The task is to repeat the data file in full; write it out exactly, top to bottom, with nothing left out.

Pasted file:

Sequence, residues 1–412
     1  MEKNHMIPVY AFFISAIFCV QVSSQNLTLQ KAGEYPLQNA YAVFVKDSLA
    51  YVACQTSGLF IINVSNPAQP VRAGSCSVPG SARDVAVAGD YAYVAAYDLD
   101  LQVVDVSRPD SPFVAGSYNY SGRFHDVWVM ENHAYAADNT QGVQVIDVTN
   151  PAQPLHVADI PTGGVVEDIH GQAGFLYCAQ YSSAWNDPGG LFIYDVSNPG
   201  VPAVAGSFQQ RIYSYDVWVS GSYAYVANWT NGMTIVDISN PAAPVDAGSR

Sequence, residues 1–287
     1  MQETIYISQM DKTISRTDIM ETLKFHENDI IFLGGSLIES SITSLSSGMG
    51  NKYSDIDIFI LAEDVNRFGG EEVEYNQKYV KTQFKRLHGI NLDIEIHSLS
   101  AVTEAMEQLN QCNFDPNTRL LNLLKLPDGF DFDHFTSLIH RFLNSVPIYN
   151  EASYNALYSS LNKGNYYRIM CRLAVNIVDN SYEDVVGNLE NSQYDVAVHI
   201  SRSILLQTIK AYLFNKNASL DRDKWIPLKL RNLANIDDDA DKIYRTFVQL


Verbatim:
Sequence, residues 1–412
     1  MEKNHMIPVY AFFISAIFCV QVSSQNLTLQ KAGEYPLQNA YAVFVKDSLA
    51  YVACQTSGLF IINVSNPAQP VRAGSCSVPG SARDVAVAGD YAYVAAYDLD
   101  LQVVDVSRPD SPFVAGSYNY SGRFHDVWVM ENHAYAADNT QGVQVIDVTN
   151  PAQPLHVADI PTGGVVEDIH GQAGFLYCAQ YSSAWNDPGG LFIYDVSNPG
   201  VPAVAGSFQQ RIYSYDVWVS GSYAYVANWT NGMTIVDISN PAAPVDAGSR

Sequence, residues 1–287
     1  MQETIYISQM DKTISRTDIM ETLKFHENDI IFLGGSLIES SITSLSSGMG
    51  NKYSDIDIFI LAEDVNRFGG EEVEYNQKYV KTQFKRLHGI NLDIEIHSLS
   101  AVTEAMEQLN QCNFDPNTRL LNLLKLPDGF DFDHFTSLIH RFLNSVPIYN
   151  EASYNALYSS LNKGNYYRIM CRLAVNIVDN SYEDVVGNLE NSQYDVAVHI
   201  SRSILLQTIK AYLFNKNASL DRDKWIPLKL RNLANIDDDA DKIYRTFVQL